The Last of Us: could it really happen?
Guest post by Professor Elaine Bignell, an expert in fungal lung infections at the University of Exeter’s MRC Centre for Medical Mycology – the largest centre of its kind in the world.
HBO aired the final instalment of The Last of Us this week, with millions of viewers watching the post-apocalyptic drama unfold over nine episodes.
Set 20 years after a fungal pandemic, the series begins with a fictional Professor of Medical Mycology identifying the causal fungal species as Ophiocordyceps unilateralis. This ant-infecting fungus that manipulates the behaviour of its prey, the so-called “zombie-ant fungus” causes infected ants to climb upwards in forests to enable the fungal spores to be more widely distributed from the dying corpse.
The graphic depictions of a planet ravaged by killer fungi, and zombified human victims of the pandemic, have prompted widespread concerns about the likelihood of a fungal pandemic. Around the globe, Medical Mycologists – who study fungal infections – have engaged in interviews and podcasts to address the important questions this raises.
The most common question that has arisen is:
Could it really happen?
The simple answer is yes – but not in the way we have recently seen unfolding on TV.
Fungi that we currently regard as posing significant threats to human life do not cause disease on the scale we have seen in The Last of Us.
Firstly, most human-infecting fungi are not able to overcome a healthy human immune system. There are some exceptions to this rule, including several fungal species endemic to specific geographical regions of the Americas and whose distribution is widening due to climate change.
Secondly, fungal infections don’t usually spread from person to person – most are acquired from the natural environment via inhalation of spores – or caused by resident fungi of our own microbiomes.
Mark Ramsdale, Associate Professor in Molecular Microbiology at the University of Exeter said: “It’s unlikely that a fungal disease could spread on the scale we have seen in The Last of Us. Fungi can change people’s behaviour, though – psilocybin is found in hundreds of species of fungi. Magic mushrooms, for example, manipulate their host and are well known to affect mood, body temperature and sexual desire.
“Fungi have long been associated with psychic episodes. Claviceps purpurea is an ergot fungus which may have been associated with the “Dancing Plagues” – psychic epidemics dating back to the Late Middle Ages and potentially linked to consumption of infected rye.”
Ergot fungus can cause hallucinations and has also been associated with witchcraft in the past.
There’s also the famous fly agaric toadstool, Amanita muscaria – so named because eating it can give you the psychic experience of “flying” – which is still used in some quasi-Christian religious ceremonies by witchdoctors in parts of Mexico and central America.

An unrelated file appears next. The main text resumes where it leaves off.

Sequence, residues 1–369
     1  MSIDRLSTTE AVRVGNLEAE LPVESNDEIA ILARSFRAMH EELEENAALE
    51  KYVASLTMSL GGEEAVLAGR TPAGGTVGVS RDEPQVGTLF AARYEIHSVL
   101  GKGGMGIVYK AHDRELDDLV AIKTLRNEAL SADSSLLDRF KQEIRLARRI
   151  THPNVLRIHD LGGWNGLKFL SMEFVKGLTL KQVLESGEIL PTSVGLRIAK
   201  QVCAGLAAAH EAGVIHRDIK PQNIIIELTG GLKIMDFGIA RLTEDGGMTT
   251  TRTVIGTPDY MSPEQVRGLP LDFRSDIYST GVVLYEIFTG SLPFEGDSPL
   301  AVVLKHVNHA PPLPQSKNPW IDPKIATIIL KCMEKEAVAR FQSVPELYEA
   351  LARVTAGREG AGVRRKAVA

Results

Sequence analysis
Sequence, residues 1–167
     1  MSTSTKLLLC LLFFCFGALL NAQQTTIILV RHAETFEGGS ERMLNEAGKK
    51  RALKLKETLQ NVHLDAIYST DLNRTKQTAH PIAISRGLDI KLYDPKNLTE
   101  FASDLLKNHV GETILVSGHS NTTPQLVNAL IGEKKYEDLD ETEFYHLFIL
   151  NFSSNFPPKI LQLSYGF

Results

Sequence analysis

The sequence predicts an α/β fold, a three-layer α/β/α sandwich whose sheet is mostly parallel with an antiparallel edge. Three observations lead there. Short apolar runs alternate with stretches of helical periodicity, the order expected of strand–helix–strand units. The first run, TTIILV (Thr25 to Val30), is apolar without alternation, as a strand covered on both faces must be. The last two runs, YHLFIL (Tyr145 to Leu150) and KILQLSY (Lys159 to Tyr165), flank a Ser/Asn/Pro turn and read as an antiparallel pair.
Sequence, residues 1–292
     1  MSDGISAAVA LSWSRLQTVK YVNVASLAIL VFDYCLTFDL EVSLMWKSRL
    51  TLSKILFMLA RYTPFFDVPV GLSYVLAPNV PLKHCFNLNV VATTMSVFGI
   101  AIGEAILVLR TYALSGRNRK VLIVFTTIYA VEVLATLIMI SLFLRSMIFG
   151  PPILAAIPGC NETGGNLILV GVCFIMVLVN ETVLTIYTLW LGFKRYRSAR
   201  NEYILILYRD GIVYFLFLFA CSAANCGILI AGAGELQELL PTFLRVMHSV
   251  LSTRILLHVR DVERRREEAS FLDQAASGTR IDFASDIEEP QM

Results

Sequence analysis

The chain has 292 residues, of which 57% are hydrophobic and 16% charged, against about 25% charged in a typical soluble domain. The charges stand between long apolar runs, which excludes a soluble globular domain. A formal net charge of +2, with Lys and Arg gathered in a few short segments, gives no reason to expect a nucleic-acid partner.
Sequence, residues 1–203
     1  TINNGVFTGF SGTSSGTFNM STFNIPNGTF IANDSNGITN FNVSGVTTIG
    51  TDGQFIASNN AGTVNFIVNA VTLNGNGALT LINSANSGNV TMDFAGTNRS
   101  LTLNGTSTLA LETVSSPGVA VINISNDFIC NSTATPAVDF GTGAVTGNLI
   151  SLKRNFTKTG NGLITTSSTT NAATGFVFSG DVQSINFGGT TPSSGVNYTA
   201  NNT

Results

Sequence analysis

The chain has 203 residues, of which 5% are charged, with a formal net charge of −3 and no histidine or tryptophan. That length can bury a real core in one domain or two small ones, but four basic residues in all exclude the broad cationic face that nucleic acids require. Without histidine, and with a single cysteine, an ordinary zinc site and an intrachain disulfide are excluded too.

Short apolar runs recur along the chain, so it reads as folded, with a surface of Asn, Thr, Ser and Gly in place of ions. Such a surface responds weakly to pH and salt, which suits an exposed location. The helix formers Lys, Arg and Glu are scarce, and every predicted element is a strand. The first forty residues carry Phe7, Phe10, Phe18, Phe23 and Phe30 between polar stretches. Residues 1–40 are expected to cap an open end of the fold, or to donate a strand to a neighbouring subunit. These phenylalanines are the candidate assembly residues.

Just because we are unlikely to be zombified by fungi, though, doesn’t mean we should ignore the fact that fungi can be dangerous. Fungi are already major, neglected causes of fatal human disease.
Invasive fungal diseases are often fatal if untreated and have recently been highlighted by the World Health Organisation as being major causes of human death and disease that will require significantly more research and specialists to overcome. Pathogenic fungi infect over a billion people each year causing 1.6 million deaths (on par with malaria or tuberculosis) and are becoming increasingly resistant to the few available antifungal drugs.
Fungal pandemics and outbreaks that are currently taking place include:
Candida auris – affecting humans, often multi-drug resistant and has caused outbreaks in healthcare settings, and can cause serious illness including bloodstream infections in hospitalised patients.
Batrachochytrium dendrobatidis – affecting amphibians, this fungal disease has moved across globe (possibly through pet trade of African clawed frog) and devastated amphibian populations, in a global decline towards multiple extinctions.
Neil Gow, Deputy Vice-Chancellor for Research and Impact and Professor of Microbiology at the University of Exeter, said: “The four fungal species that the WHO have identified as the most critical threats to human health are amongst those studied intensively at the MRC Centre for Medical Mycology, which aims to find new treatments for fungal infections and diagnose them more quickly.”
“It’s so important to raise awareness of this crucial threat to human health, and we hope that this will lead to more investment in research.”
Image credit: Scanning electron micrograph of crytococcus conidia interaction with immune cells (so called macrophages and dendritic cells). Courtesy of Dr Carolina Coelho at the MRC CMM.
To find out more about expertise at the MRC Centre for Medical Mycology, visit www.exeter.ac.uk/medicalmycology.